Humanizing the eCommerce Shopper’s Experience
Posted March 20, 2017 by Billy McAllister in Digital Marketing, eCommerce Website, SEO, User Experience
It’s quite obvious that shopping online is becoming more and more popular for consumers. With the growth of Amazon and competitors like Jet.com, Walmart.com, WayFair.com and Target.com adding resources to their online sales department(s), the competition is, quite literally, increasing by the hour.
While the above mentioned businesses have a whole host of competitive advantages over a small online store business, that doesn’t mean it’s time to throw your hands up in the air in defeat. Just like a brick-and-mortar store competition against “big box” stores, there is one element that can keep you in the hunt for gaining traction selling online – incredible customer service! There is a large enough population of shoppers who are willing to pay a little more for the same product to support “the little guy” purely based on its level of customer service.
Having founded, built and scaled our own eCommerce stores at Springboard Marketing & Web Design, we have a front row seat of the technology that bridges the shopper and customer service opportunities. The parallels of shopping online and shopping in a brick-and-mortar store are plentiful, although not very obvious at the surface. Let’s review some of the tools and resources available to eCommerce store owners to create a unique, highly satisfactory shopping experience that will help you humanize your online store for your customers – resulting in a better, more authentic shopping trip that can resemble that of a brick-and-mortar.
Online Chat – Olark
Have you ever walked through a department store wishing (maybe even praying at some point) that you could find a team member to help you find something? Or help answer a question you have about a product? Customers naturally have a lot of questions about products and want someone’s expert opinion.
That’s where online chat support, using tools like Olark, comes into play. It’s the online-version of finding a team member in the aisles. When the online chat/support is installed, you now have team members in the aisles always available to help the customer.
Store Surveillance / Customer Behavior Analysis – Inspectlet
There is a myriad of tools, mostly heat-mapping tools, readily available for a store owner to analyze where a site visitor is clicking on their website but from our experience, heat maps oftentimes lead to more questions than clarity. While heat-maps can be fruitful, watching actual recordings of a customer’s visit equips the store owner to make more educated decisions.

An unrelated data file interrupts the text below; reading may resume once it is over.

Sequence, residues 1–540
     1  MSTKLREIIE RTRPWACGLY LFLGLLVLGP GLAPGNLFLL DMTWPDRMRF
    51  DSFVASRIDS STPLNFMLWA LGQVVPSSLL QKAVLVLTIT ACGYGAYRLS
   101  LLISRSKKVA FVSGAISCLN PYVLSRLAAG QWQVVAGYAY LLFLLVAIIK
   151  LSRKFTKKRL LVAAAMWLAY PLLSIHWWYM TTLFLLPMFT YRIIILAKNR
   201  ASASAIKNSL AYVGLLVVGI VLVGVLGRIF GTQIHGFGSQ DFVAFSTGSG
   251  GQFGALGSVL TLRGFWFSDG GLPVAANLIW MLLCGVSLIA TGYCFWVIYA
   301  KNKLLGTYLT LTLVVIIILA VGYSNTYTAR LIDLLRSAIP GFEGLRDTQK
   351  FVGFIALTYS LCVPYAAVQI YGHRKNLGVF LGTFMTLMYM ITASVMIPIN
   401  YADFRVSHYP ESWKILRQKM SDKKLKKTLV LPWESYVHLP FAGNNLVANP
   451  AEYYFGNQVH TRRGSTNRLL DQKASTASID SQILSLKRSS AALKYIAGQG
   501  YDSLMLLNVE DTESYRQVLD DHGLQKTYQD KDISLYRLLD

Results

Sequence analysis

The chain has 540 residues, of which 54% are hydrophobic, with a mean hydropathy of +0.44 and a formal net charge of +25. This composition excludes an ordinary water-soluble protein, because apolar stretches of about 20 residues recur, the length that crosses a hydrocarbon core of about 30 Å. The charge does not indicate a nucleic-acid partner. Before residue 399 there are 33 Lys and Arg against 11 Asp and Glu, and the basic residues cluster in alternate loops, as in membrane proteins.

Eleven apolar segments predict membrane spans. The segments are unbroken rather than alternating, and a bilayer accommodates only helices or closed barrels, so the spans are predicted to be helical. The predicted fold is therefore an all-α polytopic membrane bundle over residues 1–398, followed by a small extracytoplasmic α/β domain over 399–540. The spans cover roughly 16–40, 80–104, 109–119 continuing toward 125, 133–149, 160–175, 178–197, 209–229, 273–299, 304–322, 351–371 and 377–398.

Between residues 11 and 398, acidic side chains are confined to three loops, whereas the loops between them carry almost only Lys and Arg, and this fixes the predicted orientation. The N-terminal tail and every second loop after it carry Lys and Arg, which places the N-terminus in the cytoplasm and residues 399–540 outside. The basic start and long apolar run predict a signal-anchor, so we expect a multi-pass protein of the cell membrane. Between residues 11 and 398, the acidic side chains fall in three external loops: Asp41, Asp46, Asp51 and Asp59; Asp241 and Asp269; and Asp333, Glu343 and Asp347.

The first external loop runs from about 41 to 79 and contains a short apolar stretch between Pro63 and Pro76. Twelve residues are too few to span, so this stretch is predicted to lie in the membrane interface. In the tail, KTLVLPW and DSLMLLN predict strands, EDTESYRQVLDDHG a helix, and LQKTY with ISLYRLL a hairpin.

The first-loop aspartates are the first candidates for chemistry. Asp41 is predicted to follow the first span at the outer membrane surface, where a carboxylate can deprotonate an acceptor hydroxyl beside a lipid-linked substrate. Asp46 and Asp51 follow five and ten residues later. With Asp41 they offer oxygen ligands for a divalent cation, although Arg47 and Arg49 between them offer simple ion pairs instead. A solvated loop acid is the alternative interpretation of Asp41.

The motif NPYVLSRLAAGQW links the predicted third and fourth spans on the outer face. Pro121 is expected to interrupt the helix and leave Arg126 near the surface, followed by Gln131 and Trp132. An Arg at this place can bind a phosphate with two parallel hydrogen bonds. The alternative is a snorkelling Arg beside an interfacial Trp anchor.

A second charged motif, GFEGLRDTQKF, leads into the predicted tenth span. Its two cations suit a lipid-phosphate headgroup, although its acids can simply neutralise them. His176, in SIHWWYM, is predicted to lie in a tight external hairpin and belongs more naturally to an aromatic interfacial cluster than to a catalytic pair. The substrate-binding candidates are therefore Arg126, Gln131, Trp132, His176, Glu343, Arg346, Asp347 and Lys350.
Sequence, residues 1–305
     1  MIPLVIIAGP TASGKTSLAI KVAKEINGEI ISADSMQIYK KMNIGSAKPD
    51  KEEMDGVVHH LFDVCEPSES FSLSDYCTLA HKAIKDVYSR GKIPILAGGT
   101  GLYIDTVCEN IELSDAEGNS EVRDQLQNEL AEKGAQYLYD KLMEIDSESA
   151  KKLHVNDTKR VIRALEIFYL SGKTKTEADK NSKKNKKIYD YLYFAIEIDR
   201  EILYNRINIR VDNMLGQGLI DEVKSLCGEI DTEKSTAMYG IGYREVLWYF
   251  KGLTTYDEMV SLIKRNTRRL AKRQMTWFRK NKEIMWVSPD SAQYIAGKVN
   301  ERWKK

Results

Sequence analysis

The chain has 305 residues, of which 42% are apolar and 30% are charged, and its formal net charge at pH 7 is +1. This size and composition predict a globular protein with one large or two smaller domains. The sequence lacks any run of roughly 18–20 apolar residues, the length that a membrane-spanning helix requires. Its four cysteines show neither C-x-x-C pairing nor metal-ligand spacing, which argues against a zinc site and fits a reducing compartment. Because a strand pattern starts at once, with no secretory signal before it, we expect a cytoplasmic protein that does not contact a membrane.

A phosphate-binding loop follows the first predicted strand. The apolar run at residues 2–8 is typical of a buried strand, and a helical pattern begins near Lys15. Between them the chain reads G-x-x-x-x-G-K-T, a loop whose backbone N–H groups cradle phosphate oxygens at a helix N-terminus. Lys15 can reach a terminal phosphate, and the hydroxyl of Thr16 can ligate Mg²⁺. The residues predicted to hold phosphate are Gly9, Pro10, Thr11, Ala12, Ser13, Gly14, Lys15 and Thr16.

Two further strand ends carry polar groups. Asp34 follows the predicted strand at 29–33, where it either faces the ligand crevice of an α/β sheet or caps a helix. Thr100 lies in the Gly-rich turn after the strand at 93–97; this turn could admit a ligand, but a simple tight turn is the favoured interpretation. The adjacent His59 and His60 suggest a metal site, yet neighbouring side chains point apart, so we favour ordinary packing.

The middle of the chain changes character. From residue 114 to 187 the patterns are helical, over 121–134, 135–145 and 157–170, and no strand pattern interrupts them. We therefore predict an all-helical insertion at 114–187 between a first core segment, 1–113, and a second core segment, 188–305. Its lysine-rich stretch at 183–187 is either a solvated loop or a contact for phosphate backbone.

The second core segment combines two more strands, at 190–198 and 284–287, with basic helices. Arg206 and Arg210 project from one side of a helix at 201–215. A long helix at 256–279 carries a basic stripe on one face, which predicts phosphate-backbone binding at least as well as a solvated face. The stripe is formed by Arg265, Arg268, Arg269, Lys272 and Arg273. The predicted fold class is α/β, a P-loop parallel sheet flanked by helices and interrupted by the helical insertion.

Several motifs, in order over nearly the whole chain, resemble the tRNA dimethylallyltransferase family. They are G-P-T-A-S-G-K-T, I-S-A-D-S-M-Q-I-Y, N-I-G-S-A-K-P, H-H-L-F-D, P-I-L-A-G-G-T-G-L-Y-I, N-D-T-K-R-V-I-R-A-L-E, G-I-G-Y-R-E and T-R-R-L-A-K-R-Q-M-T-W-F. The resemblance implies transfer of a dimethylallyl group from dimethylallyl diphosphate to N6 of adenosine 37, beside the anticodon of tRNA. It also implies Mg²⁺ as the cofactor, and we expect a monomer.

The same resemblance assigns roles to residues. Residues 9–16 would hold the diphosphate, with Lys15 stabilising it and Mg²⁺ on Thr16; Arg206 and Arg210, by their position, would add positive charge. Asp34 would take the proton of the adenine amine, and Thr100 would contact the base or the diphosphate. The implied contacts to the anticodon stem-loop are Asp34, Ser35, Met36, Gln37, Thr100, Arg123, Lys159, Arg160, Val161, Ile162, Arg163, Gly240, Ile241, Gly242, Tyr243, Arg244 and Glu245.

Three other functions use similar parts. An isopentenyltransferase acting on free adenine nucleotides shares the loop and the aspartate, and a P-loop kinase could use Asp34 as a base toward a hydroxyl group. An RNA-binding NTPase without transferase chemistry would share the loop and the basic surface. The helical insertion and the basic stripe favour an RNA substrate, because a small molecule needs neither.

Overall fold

The tool we use is called “Inspectlet” and it does just that; records the user’s desktop/mobile screen as they navigate through your store. You can then watch how a user interacts with whatever it is you want to analyze like the product pages, upsell areas and, most importantly, the checkout process. Yes, this exists. And, yes, it is as awesome and insightful as it sounds.
Product Category Names
How an eCommerce store owner names their product categories is paramount for not only SEO, but for helping the customer orient themselves upon landing on your website. It is no different than how a brick-and-mortar stores display the isle number with the products you can find in that isle. If you’re categories are accurate and resonate with your audience, then they will have a better chance of finding the product and buying it from you.
Have you ever read the isle signs in a brick-and-mortar store and you got to the end of the list having no more clarity that you started with? Yeah, me too! That’s why shoppers either leave, don’t buy or don’t come back! Make sure your product categories not only high search volume keywords, but ensure that they are using the language/words that resonates with your audience. Absolute clarity is vital here. Miss this and your conversion rate is going to tank.
Always remember, “just because someone is already doing it, doesn’t mean that you can’t be doing it better!” It’s this sort of perspective that will facilitate the sort of thinking necessary to maintain and run your online store. The human element, or the human touch, if you will, can be present online if you know what tool you have available to offer your customers. While the shopping experience of online versus shopping at a brick-and-mortar seem black-and-white, they blur more than most give it credit.